Travel and Tourism Degree Programs

Travel and Tourism Degree Programs

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According to the U.S. Bureau of Labor Statistics, the leisure and hospitality industry employed roughly 15.5 million people as of May 2016. While a degree may not be necessary for all travel-related careers, it can open doors to new opportunities. In particular, employers often prefer to hire those with formal education for management or supervisory positions.

What to Know About Online Travel and Tourism Degree Programs

Travel and tourism are not topics that require hands-on teaching methods, and there are online degree programs available in this subject at both the undergraduate and graduate levels. These programs may go by different names, including hospitality, tourism management, or travel services management.

Some short-term educational programs focus specifically on the fundamentals of the tourism trade, while longer or more advanced degrees may cover business topics such as marketing, management, and sales. Here's a closer look at the type of travel and tourism degree programs you can find both online and on-campus:

  • Certificate: Depending on the school and the certificate program in question, an undergraduate certificate in tourism and hospitality may be earned in as little as one year or less. Students in these programs generally receive an introduction to the field along with basic instruction in marketing, management, and related subjects.
  • Associate degree: Completed in two years, an associate degree is the next step up from a certificate. Students may need to complete some general education classes in addition to their travel-related coursework. This degree can be used to gain entry-level employment, or the credits could be transferred and used as the basis of a bachelor's degree.
  • Bachelor's degree: A bachelor's degree is traditionally completed in four years, and is the standard education for many tourism management careers. Students enrolled in these programs often have the chance to customize their education and focus on a particular niche within the sector, such gaming, lodging, special events, or international hospitality.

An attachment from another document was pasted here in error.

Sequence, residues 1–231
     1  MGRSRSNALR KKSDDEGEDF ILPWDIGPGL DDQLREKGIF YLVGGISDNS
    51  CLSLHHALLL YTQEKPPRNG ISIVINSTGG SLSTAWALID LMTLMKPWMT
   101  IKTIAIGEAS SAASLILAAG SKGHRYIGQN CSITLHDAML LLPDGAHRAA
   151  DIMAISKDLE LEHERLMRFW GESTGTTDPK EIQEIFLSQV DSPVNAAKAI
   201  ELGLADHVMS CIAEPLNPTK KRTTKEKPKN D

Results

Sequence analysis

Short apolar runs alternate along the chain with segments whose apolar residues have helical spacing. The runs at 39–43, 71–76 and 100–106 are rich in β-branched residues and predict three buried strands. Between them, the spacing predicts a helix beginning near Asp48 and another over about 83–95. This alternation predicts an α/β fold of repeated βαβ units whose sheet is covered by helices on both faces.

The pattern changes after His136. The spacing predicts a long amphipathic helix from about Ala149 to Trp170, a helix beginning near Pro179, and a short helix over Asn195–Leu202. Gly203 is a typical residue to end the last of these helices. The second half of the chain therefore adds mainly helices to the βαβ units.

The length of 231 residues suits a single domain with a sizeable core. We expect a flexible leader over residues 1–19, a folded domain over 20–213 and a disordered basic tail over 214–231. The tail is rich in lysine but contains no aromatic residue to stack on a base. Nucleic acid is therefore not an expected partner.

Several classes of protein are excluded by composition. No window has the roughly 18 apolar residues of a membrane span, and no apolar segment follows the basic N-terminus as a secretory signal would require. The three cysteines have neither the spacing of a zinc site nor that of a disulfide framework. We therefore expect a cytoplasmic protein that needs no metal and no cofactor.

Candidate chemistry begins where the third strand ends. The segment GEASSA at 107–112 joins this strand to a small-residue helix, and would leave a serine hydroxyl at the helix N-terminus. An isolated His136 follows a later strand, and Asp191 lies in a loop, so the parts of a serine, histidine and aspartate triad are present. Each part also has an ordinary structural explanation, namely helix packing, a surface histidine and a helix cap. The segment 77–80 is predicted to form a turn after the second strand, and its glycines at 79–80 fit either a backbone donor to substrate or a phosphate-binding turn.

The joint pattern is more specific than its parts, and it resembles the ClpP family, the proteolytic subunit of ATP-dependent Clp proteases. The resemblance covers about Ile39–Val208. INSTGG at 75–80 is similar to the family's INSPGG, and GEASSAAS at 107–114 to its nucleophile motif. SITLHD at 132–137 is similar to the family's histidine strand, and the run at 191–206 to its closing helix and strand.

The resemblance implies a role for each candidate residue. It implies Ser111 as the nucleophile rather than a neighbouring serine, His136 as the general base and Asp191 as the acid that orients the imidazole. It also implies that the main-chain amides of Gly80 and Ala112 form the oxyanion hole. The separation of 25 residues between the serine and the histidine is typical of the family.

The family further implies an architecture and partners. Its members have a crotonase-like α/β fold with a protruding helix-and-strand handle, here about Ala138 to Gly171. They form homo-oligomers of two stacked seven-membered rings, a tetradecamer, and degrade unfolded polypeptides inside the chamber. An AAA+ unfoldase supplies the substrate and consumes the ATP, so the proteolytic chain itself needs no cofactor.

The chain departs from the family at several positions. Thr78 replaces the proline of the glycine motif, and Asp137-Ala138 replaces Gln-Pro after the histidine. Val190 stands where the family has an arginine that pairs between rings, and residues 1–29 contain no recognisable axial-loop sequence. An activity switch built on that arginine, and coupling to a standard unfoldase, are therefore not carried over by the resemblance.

• Master's degree: As the highest level of education commonly obtained by travel professionals, a master's degree is available in two formats. A Master of Science (MS) often allows graduates to specialize in a particular segment of travel, such as sustainable tourism. Other students may choose to pursue an MBA in tourism management. These degrees provide a more intense business education and are suitable for those who want to work in high-level corporate positions or become entrepreneurs.

Job Outlook for Travel and Tourism Graduates

The career outlook isn't pretty for travel agents. The Bureau of Labor Statistics reports a 12 percent decline in jobs for these professionals from 2014 to 2024. This is likely due to the prevalence of online booking websites and services.

Fortunately, that is only one profession within the travel and tourism industry. Graduates have plenty of other career choices that are expected to see good growth and incomes in the years to come. They may go on to work as resort managers, recreation coordinators, cruise line directors, special event planners, or any one of the numerous positions held by travel and tourism professionals today. Here's a look at the job growth and income potential for a few of those jobs:


Projected Job Growth (2014-2024)

National Average Income (2015)

Lodging Manager

8 percent


Meeting, Convention, or Event Planner

10 percent


Sales Manager

5 percent


Food Service Manager

5 percent


Choosing the Right School

There are several factors to consider when selecting a travel and tourism degree program. Among other things, you should look for:

  • School accreditation
  • Education level (certificate, associate, bachelor or master's degree)
  • Learning format options (online or on-campus)
  • Expected class schedule
  • Availability of specializations

If you're planning to pursue a bachelor's or master's degree, you may also want to inquire into whether internship opportunities are available. Colleges -- even online schools -- can sometimes place students into positions with convention bureaus or local businesses to help them gain real-world experience and make networking connections prior to graduation.


  1. Hospitality and Tourism Certificate, Columbia Southern University,
  2. Hospitality and Tourism Management, UMassAmherst,
  3. Industries at a Glance, Leisure and Hospitality, Bureau of Labor Statistics, U.S. Department of Labor,
  4. Occupational Outlook Handbook, 2016-17 Edition, Bureau of Labor Statistics, U.S. Department of Labor,
  5. Occupational Employment Statistics, May 2015, Bureau of Labor Statistics, U.S. Department of Labor,
  6. Tourism Concentration, The George Washington University,